This can be expressed as

D[f[x,t],x] == 0


f[x,t] = D[u[x,t],t] - D[u[x,t],x] 

Since the derivative of f[x,t] wrt x is zero, it's a constant wrt x, i.e.

f[x,t] = g[t]

for some arbitrary function g. This is why NDSolve classifies your equation as a DAE. Now while u[x,t] = 1 is a possible solution, is it the only solution, or just a specific one out of a larger family? I'm not sure, but either way, this seems a bit subtle, and may explain why you're encountering numerical instability.

One other suggestion. NDSolve doesn't generate messages when run in your original configuration, so instead of comparing the output to what you expected to get, it might be better to see if the result satisfies the equations you input. There are two methods for verifying solutions here: FEMDocumentation/tutorial/FiniteElementBestPractice#754253806

The straightforward way is to plug the solution back into the pde and compare the results to zero on the grid. The second, which is better, is to use the method of "manufactured solutions", which avoids introducing additional numerical errors while verifying the solutions.

  • $\begingroup$ Well, the explanation for "the reason for NDSolve claiming that you're dealing with a DAE system" isn't quite accurate. (I won't say it's incorrect, though. It's indeed related to the structure you've noticed. ) The essential reason is that after discretizing the D[u[x,t],x, t] term via TensorProductGrid method, current implementation of MethodOfLines isn't clever enough to transform the system to the required standard form for ODE solver. I've talked about the topic a bit here: mathematica.stackexchange.com/a/184285/1871 $\endgroup$
    – xzczd
    Dec 3, 2023 at 0:27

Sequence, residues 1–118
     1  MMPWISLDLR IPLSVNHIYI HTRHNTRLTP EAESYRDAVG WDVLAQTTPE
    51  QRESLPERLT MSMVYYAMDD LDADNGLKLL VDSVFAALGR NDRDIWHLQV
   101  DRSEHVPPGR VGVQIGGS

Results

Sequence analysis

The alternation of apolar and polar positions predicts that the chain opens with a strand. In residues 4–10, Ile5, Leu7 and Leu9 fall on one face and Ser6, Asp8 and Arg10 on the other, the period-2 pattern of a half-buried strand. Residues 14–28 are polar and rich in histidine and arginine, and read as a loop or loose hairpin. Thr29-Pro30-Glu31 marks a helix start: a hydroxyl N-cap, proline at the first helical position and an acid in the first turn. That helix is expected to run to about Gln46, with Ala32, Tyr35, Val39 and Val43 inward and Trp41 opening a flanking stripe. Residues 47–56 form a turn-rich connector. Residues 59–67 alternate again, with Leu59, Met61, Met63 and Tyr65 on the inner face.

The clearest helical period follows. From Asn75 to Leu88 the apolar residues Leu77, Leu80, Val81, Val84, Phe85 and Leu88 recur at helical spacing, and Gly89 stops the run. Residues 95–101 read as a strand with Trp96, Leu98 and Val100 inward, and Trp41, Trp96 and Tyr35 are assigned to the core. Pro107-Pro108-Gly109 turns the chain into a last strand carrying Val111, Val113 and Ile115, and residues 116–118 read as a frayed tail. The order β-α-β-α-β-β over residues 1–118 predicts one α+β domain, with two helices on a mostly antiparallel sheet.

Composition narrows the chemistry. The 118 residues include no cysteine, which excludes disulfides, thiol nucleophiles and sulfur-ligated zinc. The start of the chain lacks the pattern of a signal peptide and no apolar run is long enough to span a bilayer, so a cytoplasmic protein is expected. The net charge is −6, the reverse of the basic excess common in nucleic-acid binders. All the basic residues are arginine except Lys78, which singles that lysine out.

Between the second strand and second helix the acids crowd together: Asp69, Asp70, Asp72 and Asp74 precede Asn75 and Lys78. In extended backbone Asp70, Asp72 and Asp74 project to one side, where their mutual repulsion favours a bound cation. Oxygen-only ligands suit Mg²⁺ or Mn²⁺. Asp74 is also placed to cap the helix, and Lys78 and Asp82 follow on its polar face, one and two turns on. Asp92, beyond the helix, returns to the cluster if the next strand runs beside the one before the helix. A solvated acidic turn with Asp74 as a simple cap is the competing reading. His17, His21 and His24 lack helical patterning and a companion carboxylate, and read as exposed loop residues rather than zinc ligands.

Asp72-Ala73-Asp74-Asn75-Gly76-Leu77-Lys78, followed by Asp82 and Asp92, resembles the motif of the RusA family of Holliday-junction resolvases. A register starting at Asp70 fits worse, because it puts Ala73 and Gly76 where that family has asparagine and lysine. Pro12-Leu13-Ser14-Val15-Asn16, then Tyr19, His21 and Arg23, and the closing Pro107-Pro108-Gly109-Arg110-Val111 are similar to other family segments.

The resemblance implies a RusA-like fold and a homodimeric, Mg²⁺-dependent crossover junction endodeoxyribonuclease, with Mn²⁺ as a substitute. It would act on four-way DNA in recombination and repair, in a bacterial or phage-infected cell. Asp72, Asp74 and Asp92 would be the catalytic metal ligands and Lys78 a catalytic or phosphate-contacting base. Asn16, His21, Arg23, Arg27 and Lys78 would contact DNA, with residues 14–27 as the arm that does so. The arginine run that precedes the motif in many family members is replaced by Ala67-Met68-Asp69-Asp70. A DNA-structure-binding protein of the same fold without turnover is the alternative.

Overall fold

• $\begingroup$ "while u[x,t] = 1 is a possible solution, is it the only solution, or just a specific one out of a larger family?" It's the only solution, of course. You've forgotten to take the i.c. and b.c.s into consideration. $\endgroup$
    – xzczd
    Dec 3, 2023 at 0:46
  • $\begingroup$ Careful when using Method->FEM for time dependent problems. This will use s spatial discretization for the time variable. $\endgroup$
    – user21
    Dec 3, 2023 at 2:07

Your equation is a differential condition of first order for $u_x$ with solution $$\text{DSolveValue}\left[\frac{\partial ^2u(x,t)}{\partial x\, \partial x}=2 \frac{\partial ^2u(x,t)}{\partial x\, \partial t},u,\{t,x\}\right]\text{/.}\, \{c_1\to a,c_2\to b\}$$

    Function[{x,t},a[t]+b[t+2 x]]

leaving us with the equations

    {a[0] + b[2 x] == 1, 2 Derivative[1][b][t] == 0, a[t] + b[2 + t] == 0}

Any ideas?

  • 1
    $\begingroup$ Hi Roland, thanks for your message, but as I mentioned in the original question, the solution of the problem is already known to be u(x,t)=1. The question is specifically oriented towards the behavior of NDSolve; namely, why it fails to recognize that the solution is u(x,t) = 1. Let me know if this clarifies. $\endgroup$
    – phonon
    Nov 22, 2023 at 17:31
  • $\begingroup$ Just to add a little more detail, running my code you will find that the interpolating solution is stable for about 0 < t < 0.1 and then starts to blow up. Presumably this is not considered to be reasonable behavior? $\endgroup$
    – phonon
    Nov 22, 2023 at 17:34
  • $\begingroup$ The equation is none of elliptic, hyperbolic or parabolic type and so its not possible to ascribe boundary condtions in such a way that make it a "well defined problem" in the sense of Cauchy. This fact correxponds to the existence and uniqueness theorems and the convergency of a lattice approximation for PDEs of the second order. $\endgroup$
    – Roland F
    Nov 22, 2023 at 19:55